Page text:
Plans for the Second Floor

Category: Restore & Repair

This weekend we're getting a real start in on the second floor. We've gotten a few things started before (like this and this) but our real focus on getting the whole floor done starts today.

So, it makes some sense to clarify exactly what we're intending to do...

Current Planned

Our plan involves moving several walls, including modifying both original closets. One becomes an enlarged master bedroom closet while the other becomes a reading nook (a project already underway).

The master bedroom will have a vaulted ceiling, although we're still trying to figure out exactly how we want that to look. Our major thought is to have a beadboard ceiling. We're also expecting to install a skylight.

The master bathroom will become a little smaller and a lot less pink. We'll be removing the existing tub and replacing it with a glassed-in shower and then a clawfoot tub under the window. The toilet and sink will be replaced.

The second bedroom looses its closet, which is OK since we're expecting it to function as an office or nursery (speaking from a purely architectural standpoint at this point, of course!). We're thinking a freestanding wardrobe can function as a closet when necessary.

Finally, the unfinished portion of the floor will remain that way for the forseeable future. We have visions of that serving as a light-filled studio space, but that's probably so far off it's depressing to think about too much.

So that's that plan. There are plenty of detailed decisions still to make, but we've got plenty go to on to start with. We get things started tomorrow when some friends come over to help us tear out as much of the bathroom as we can get through.

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You might think twice about replacing the toilet. The new ones you buy now are water saving types. Some of them use more water then the old ones as often they don't flush completely requiring 2 or 3 flushes. I understand they contain 1 1/2 gal. of water... POPS"30"

Hi Pops!

Good advice! We looked into that, actually. This toilet is beyond hope. It sat unused upstairs for a few years I imagine. The rust stains on the porcelain are very bad, the unit is chipped and it is plain old disgusting. The cost to refinish it isn't worth the cost of keeping it, since refinished porcelain cannot be scrubbed (I don't mind waxing and 409'ing the tub, but I'm not keen on waxing the toilets! :)

However, for the rest of you reading this, if you have a "good" old toilet, heed Pop's words. Some of those old toilets are excellent.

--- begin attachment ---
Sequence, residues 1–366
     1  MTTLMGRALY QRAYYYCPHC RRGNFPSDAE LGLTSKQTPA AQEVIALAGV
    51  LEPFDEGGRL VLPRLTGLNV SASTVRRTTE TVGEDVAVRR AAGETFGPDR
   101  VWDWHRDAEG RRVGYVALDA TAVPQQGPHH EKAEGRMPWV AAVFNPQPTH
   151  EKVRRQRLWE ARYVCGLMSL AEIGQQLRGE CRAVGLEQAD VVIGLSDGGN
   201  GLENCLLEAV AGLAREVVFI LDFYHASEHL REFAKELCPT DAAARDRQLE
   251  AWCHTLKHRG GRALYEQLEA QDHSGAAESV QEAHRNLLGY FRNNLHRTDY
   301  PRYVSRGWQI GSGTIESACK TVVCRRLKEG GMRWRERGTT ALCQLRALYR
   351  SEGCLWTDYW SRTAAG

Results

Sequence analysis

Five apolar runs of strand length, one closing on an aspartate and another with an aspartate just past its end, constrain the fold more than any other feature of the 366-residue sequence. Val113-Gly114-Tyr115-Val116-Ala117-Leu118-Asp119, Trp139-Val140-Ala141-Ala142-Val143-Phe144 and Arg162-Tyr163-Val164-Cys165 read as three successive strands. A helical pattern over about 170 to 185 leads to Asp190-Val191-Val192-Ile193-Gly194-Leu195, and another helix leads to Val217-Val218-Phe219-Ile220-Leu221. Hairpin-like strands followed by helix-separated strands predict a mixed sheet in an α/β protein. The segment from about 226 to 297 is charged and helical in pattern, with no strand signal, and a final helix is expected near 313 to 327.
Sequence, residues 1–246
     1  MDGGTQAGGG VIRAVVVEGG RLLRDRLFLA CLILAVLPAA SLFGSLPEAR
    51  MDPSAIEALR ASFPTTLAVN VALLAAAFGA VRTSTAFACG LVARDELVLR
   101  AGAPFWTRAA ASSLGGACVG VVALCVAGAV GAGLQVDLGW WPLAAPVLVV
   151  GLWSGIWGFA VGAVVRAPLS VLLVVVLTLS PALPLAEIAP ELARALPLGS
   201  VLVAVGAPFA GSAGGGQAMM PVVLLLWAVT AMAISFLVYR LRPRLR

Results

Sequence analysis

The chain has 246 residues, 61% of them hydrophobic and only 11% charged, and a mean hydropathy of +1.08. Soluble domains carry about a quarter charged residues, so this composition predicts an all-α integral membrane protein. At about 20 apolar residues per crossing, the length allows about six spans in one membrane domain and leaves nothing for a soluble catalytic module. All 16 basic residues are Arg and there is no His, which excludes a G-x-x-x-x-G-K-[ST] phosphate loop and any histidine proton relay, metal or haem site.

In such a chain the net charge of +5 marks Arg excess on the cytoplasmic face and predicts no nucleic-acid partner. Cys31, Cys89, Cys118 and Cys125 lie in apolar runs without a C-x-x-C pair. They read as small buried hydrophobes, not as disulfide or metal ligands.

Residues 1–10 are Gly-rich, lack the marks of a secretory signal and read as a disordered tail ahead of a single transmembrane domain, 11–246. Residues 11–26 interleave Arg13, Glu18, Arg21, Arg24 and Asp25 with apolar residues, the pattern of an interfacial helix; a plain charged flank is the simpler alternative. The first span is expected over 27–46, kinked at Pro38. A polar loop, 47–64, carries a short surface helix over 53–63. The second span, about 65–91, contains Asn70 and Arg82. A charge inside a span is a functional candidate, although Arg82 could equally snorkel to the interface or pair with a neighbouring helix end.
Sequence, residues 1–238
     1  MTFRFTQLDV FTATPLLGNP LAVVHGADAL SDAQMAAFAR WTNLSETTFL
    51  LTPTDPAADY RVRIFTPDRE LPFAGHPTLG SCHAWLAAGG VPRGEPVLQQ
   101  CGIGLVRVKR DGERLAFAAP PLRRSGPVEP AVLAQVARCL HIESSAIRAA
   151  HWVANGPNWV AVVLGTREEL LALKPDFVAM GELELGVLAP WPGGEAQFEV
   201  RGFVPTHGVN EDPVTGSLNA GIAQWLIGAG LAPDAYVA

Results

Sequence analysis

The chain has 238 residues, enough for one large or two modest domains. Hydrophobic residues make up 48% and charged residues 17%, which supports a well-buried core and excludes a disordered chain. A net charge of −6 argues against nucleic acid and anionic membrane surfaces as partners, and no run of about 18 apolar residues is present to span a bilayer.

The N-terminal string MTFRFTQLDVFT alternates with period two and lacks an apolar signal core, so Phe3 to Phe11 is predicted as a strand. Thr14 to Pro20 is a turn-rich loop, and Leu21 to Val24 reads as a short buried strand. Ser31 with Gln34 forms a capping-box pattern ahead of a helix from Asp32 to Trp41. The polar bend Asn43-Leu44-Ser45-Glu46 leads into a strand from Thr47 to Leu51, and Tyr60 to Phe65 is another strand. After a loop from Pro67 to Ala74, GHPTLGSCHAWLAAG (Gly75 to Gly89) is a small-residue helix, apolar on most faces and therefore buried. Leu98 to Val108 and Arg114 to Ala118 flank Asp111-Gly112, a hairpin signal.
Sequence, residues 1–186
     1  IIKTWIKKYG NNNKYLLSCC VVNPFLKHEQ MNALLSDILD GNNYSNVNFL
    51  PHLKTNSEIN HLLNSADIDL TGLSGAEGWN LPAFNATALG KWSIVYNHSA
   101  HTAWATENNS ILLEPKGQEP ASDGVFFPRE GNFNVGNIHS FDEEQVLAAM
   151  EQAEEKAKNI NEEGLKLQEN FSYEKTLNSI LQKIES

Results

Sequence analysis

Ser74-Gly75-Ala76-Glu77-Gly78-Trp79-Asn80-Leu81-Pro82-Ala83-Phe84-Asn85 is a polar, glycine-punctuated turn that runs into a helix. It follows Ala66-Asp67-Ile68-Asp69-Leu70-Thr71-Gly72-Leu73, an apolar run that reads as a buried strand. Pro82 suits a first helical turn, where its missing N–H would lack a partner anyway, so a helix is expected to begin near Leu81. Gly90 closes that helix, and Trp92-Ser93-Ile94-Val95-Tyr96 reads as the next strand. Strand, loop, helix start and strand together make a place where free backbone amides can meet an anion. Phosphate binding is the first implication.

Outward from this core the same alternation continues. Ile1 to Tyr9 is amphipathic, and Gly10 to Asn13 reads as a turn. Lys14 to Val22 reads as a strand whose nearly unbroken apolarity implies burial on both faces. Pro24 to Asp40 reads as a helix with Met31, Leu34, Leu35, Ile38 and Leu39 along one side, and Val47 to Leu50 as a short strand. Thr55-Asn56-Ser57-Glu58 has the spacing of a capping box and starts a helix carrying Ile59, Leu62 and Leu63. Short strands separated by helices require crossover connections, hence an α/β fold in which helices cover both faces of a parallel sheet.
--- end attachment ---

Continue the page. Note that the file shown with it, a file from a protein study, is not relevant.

Just another comment on getting rid of the old toilet. We had a similar situation in our bathroom remodel. We planned on replacing our old American Standard toilet from the 1920's because ours was really gross. There was this weird rust colored, gloppy looking sludge that looked soft but was really hard attached to both the inside of the tank and the bowl, it was gross. But we found that because of the rough in distance (distance the waste pipe sits away from the wall) we couldn't find a replacement toilet that would fit. The only one I could find with a 14" rough in was a commercial toilet from TOTOUSA. Old houses typically have a 10" or 14" rough-in. Nowadays the rough in is 12". Better check the rough in distance, and if you decide you want a new toilet, I'd start looking now, you'll probably have to search to find one you like, you may be able to find one at an architectural salvage yard but be prepared to pay a pretty penny. There is a way to install some sort of extender to the waste line to allow you to install a toilet with a 12" rough in but it's definitely a job for a plumber and I'm not sure it's an ideal solution. We had already pulled ours out of the bathroom so when we couldn't find one we liked I decided I would see if there was any hope with what we had. I ended up scrubbing and chipping the rust out of our old toilet bowl and then scrubbing with bon ami, it looks like new. Pop is right, those old toilets are pretty nice, and the old porcelain is amazingly resilient. If you have any interest in cleaning it up, send me a picture and I'll let you know if I think it's salvageable. You may be amazed at how well it could clean up.

By contrast, when I remodeled my bathroom last summer, I got rid of the old toilet and bought a Toto. It's only 1.6 gallons per flush, but it actually flushes better than my old toilet--and my water bill has gone down about 25%.


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